There’s a reason why you keep putting off those TPS reports. They’re probably not very fun to do. You think that you’d rather do something else, like seeing why a certain cat is asking if he can “haz cheeseburger.” But, the short-term happiness of wasting time could lead to long-term gloom.

Keep delaying those TPS reports and you could find yourself out of a job. That’s not good and that’s why there are so many guides on improving productivity. You can use technology in your favor, for example. Realistically, it comes down to willpower and convincing yourself that you really need to do what you need to do.

Hey Look! A Castle!

Things may come to those who wait, but only the things left by those who hustle.” – Abraham Lincoln

Several years ago, I went to a comedy club and the stand-up comic was talking about how he’d love to swap places with a goldfish. He was saying since goldfish only have three second memories (I looked it up; they really have about three-month memories), nearly every waking moment is novel to them. They can live their entire lives in the same fish bowl and be surprised every time they turn around to see the (same) stone castle.”Hey look, a castle!… Hey look, a castle!… Hey look, a castle!”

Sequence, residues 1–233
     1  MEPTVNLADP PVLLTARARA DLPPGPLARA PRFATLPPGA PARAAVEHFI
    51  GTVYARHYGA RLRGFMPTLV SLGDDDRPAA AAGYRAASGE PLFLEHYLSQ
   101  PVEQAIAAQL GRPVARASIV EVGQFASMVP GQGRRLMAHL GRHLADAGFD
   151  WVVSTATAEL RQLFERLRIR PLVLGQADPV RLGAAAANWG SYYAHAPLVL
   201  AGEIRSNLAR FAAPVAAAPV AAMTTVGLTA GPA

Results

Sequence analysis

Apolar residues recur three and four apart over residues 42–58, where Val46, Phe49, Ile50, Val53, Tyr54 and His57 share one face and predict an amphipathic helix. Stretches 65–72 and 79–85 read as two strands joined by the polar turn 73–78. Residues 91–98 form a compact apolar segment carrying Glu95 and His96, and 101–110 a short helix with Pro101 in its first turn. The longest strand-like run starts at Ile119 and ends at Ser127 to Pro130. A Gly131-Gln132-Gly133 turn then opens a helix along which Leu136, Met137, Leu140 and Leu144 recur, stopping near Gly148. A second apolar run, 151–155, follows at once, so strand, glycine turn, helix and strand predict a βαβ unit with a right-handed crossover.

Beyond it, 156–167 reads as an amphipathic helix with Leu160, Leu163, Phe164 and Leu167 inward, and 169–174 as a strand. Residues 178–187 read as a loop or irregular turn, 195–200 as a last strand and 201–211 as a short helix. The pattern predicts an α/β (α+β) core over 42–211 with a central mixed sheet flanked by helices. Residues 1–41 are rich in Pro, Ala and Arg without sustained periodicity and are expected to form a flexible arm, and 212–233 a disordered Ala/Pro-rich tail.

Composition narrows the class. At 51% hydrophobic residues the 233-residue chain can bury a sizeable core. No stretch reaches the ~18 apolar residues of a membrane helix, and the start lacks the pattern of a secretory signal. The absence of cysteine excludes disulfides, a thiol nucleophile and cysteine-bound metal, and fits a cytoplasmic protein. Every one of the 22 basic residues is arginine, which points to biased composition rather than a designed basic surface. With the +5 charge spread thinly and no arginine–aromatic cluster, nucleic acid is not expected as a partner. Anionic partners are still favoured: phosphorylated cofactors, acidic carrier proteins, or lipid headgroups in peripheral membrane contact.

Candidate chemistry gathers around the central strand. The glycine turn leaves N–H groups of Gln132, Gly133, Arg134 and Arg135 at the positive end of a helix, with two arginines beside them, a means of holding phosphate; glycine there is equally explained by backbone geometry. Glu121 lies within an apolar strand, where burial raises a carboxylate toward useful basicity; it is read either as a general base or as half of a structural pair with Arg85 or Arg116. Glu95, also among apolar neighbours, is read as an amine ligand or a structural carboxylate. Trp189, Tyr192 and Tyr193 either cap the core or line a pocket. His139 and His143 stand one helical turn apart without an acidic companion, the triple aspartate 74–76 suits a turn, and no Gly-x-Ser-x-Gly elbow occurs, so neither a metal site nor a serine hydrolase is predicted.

And that’s really at the crux of procrastination. We allow ourselves to get distracted and, thus, delay or postpone the tasks that we really should be doing instead. You have a memory that’s longer than three seconds. You have (or at least you should have) long-term goals. This requires planning and this requires doing today what needs to be done today.

That’s why, of the countless procrastination quotes out there, Honest Abe’s above is my favorite. Yeah, you can mosey along, procrastinating and glancing at castles, but it’s only if you “hustle” that you’ll get the real goods. Stop putting off to tomorrow what you probably should have done yesterday.

How soon ‘not now’ becomes ‘never.’” – Martin Luther

If you want to be productive and successful, you’ve got to kill the procrastination bug.

Image credit: Ljupco / iStockphoto